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It honestly depends on your major or field of interest. Me for example, I'm in IT and anything beyond a Bachelor's degree (in a lot of instances) is really worthless. IT fields are centered much more around actual experience, hands-on knowledge, and getting the broad scope of technology under your belt so you can perform practically and not by the book like most classroom settings guide people into.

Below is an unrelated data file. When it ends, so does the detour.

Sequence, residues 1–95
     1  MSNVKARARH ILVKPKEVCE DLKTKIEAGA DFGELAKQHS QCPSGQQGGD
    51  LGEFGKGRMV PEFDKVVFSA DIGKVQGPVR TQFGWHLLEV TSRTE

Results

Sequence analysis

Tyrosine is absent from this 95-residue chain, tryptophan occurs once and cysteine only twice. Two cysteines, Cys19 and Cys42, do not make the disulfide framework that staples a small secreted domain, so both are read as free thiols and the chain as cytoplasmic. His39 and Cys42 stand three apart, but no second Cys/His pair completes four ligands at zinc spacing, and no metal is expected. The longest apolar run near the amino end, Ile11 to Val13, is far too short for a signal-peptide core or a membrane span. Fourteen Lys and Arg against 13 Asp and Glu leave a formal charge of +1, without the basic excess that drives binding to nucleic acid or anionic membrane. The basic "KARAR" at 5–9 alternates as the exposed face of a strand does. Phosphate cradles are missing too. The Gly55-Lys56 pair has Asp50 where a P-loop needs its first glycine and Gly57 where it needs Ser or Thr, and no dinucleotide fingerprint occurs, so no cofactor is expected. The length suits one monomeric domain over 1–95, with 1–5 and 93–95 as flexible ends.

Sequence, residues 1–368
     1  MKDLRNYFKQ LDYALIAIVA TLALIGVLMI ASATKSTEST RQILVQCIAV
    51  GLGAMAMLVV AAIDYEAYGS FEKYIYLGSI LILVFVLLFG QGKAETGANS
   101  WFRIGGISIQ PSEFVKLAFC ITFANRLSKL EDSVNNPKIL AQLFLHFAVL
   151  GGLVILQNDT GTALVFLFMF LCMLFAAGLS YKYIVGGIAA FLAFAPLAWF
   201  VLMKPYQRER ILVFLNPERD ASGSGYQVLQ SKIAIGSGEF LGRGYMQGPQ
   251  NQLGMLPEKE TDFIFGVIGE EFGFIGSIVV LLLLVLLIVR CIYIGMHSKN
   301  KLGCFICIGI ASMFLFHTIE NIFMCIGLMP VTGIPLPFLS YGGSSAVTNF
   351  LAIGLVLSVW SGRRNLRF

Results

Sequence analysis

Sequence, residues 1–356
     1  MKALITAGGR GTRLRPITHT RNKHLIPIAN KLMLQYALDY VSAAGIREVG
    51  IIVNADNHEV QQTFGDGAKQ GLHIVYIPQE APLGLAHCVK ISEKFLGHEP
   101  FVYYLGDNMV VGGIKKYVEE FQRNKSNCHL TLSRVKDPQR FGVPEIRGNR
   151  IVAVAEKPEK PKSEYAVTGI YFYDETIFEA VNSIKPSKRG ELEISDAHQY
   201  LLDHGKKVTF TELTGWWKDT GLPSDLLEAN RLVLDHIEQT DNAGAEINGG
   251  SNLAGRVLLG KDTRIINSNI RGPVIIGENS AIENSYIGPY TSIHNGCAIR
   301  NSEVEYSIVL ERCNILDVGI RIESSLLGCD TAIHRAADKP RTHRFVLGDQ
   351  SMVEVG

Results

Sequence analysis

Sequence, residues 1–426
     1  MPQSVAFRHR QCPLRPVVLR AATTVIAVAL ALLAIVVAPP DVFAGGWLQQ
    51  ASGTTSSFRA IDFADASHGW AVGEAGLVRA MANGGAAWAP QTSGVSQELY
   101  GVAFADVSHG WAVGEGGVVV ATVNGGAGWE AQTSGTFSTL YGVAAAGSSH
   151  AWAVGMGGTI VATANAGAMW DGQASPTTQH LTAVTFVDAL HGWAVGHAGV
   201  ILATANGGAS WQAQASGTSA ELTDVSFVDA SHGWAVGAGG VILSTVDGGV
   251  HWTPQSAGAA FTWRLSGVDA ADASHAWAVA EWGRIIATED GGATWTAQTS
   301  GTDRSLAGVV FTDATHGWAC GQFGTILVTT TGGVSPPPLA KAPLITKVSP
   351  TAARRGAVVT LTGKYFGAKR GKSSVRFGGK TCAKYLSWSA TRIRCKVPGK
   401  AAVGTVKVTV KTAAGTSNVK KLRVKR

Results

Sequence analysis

This is partly due to technology changing so fast, partly that computers and technology can be learned outside of the classroom, and partly because, outside of software development (which is the front end to all technology and thus more creative and abstract), a lot of IT work has only a certain number of possibilities as to how it can work. So it comes down to memorizing and learning how to troubleshoot those problems or make something work as it should.
So yeah, a long winded answer to say: It depends on what you're going to school for.